Review: Thank You, YES

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(Photo by Abby Cook)

Here’s the thing: you’re in love with a version of a person that you’ve created in your head, that you are trying to but cannot fix. Uh, the only person you can fix is yourself.”—Doug Middlebrooks, “in my head”

The music industry can often feel slow and reactive. Albums often comment on the past rather than existing as a part of the current conversation. Ariana Grande’s fifth studio album, thank u, next, breaks this mold as it feels like the act of living rather than a reaction to life. In the past six months since Grande released her last album, Sweetener, her life has appeared incredibly emotionally strenuous with the death of her ex, Mac Miller, and engagement and break up with comedian Pete Davidson all while the media followed her every move. Yet at the same time she has consistently dropped bops with the record breaking  “thank u, next,” and equally revolutionary “imagine” and “7 rings.”

The juxtaposition of personal life and professional life is perfectly described by Grande in her acceptance speech for Woman of the Year from Billboard. “I find it interesting that this has been one of the best years of my career and, like, the worst of my life,” Grande said.

With the release of her 12 song album today it is clear that Grande has expressed her emotions through a new era of music providing a fresh sound that prioritizes real life as an essential part of the creative process.

Starting with “imagine” Grande uses her vocal range to achieve hypnotizing whistle tones paired with perplexing echoes. As the second single released from the album “imagine” gave listeners a deeper preview of the experimental sounds to expect from the album as a whole. The lyrics, “Imagine a world like that/Baby, direct it, name in the credits/Like the movies do,” establish thank u, next as the album of a heartbroken romantic on the journey toward happiness.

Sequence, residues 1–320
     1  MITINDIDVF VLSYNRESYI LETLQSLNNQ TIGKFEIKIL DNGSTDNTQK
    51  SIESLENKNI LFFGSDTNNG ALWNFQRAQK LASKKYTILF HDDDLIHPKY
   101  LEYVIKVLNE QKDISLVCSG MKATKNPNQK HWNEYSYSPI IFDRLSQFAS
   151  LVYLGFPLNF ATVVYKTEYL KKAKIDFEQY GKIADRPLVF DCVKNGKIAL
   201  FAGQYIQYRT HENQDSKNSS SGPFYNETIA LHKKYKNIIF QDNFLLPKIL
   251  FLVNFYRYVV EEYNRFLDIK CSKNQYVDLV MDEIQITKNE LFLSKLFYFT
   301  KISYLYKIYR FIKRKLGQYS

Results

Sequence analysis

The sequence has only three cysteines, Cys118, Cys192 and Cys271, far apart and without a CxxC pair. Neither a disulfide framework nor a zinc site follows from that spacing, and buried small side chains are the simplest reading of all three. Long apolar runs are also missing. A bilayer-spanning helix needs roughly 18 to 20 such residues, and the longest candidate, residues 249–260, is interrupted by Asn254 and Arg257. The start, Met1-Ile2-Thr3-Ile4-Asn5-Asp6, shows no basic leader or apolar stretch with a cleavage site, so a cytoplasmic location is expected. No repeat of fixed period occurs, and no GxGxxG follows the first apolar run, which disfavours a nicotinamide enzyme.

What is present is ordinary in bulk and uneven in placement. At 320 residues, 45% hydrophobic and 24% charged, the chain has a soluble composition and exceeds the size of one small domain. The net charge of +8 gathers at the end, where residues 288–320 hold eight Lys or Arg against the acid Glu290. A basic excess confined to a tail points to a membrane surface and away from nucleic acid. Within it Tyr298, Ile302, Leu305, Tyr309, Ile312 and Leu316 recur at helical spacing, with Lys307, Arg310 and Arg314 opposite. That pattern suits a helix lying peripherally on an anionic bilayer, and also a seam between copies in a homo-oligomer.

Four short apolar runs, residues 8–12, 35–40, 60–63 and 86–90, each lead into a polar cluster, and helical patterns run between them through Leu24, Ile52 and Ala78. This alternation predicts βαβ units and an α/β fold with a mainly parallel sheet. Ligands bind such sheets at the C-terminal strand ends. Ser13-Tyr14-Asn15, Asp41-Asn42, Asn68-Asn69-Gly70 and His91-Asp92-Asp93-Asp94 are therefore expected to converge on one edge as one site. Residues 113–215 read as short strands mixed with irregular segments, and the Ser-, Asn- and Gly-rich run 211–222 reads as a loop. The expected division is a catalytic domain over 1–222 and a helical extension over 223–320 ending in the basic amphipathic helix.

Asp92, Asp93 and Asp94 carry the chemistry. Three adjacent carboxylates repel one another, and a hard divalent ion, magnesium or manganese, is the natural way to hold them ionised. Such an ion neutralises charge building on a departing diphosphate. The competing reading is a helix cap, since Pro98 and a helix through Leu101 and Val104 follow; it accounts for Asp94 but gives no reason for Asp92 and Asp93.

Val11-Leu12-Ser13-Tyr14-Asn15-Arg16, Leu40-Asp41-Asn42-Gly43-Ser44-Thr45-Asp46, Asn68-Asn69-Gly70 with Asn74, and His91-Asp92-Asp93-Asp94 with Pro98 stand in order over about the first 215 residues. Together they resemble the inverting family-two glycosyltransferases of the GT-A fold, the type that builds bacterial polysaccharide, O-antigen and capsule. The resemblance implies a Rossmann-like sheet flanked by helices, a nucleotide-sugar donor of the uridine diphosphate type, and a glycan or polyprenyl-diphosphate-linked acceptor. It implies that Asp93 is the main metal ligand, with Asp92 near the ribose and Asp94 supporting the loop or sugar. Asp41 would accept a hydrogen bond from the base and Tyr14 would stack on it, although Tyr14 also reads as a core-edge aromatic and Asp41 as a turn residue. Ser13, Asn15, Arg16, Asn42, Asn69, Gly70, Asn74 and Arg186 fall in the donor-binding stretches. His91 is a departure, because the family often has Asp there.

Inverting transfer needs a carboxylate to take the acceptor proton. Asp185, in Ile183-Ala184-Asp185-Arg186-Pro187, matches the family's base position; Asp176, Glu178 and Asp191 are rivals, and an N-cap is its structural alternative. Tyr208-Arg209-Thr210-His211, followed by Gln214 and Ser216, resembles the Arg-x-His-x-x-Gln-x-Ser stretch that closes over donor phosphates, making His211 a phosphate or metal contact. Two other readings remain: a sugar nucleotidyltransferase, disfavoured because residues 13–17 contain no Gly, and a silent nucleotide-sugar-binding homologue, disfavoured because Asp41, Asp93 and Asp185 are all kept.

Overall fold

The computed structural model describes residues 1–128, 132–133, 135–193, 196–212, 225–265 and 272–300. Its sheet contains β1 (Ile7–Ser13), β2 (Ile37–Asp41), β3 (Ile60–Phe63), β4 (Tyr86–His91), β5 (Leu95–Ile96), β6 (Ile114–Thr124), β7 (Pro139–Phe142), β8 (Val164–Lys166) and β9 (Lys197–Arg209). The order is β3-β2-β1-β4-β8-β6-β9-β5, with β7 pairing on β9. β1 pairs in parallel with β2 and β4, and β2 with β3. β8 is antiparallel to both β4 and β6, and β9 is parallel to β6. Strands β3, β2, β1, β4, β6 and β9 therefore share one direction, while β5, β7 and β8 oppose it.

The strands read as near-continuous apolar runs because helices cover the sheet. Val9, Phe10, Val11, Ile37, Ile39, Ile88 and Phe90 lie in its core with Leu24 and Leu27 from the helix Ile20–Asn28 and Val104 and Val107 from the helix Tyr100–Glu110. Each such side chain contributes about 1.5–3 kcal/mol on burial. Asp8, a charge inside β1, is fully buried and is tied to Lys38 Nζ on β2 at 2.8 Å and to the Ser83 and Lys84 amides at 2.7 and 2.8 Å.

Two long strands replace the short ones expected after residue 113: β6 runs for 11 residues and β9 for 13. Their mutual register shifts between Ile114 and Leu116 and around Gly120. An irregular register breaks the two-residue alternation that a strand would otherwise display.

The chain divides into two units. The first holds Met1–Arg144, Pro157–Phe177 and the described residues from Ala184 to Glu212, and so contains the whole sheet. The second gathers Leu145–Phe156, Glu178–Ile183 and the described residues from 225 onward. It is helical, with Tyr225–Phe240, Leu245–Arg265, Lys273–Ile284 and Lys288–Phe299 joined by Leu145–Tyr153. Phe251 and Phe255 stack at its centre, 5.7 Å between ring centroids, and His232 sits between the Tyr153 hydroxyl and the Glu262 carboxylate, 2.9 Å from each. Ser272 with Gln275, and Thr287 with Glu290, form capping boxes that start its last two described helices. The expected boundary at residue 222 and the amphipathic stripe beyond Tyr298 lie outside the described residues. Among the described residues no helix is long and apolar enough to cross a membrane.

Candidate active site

As the album continues Grande begins to explore other emotional aspects of grief, shifting towards rap and R&B sounds. As a contrast to “imagine”in the third track, “NASA,” Grande calls for space rather than invoking a fantasy relationship. “NASA” is also the first of the tracks which samples an outside recording in the intro. This becomes a recurring element that contributes to the authentic aesthetic of the album. From drag queen Shangela Laquifa Wadley in “NASA,” to her grandmother (Marjorie Grande in “bloodline”) and best friend (Doug Middlebrooks in “in my head”) Grande’s use of personal messages give direct insight into how she thinks and feels.

The album closes with “7 rings,” “thank u, next,” and “break up with your girlfriend, i’m bored,” which set the visual vibe of the albums and the three music videos released so far. Notably all three songs begin with the same electric drum beat, and while “7 rings” and “thank u, next” are are both breakup anthems of sorts, they take slightly different approaches. “7 rings” is an indulgent celebration of independence and wealth while “thank u, next” is a sentimental thank you note to all of Grande’s ex’s.

Grande—who has largely been silent, at least publicly, in processing the events of last fall —says everything she needs to with Thank u, next and has left me with one thing to say: Thank you Ariana, I am ready for whatever you do next.

Must listens: “fake smile,” “in my head”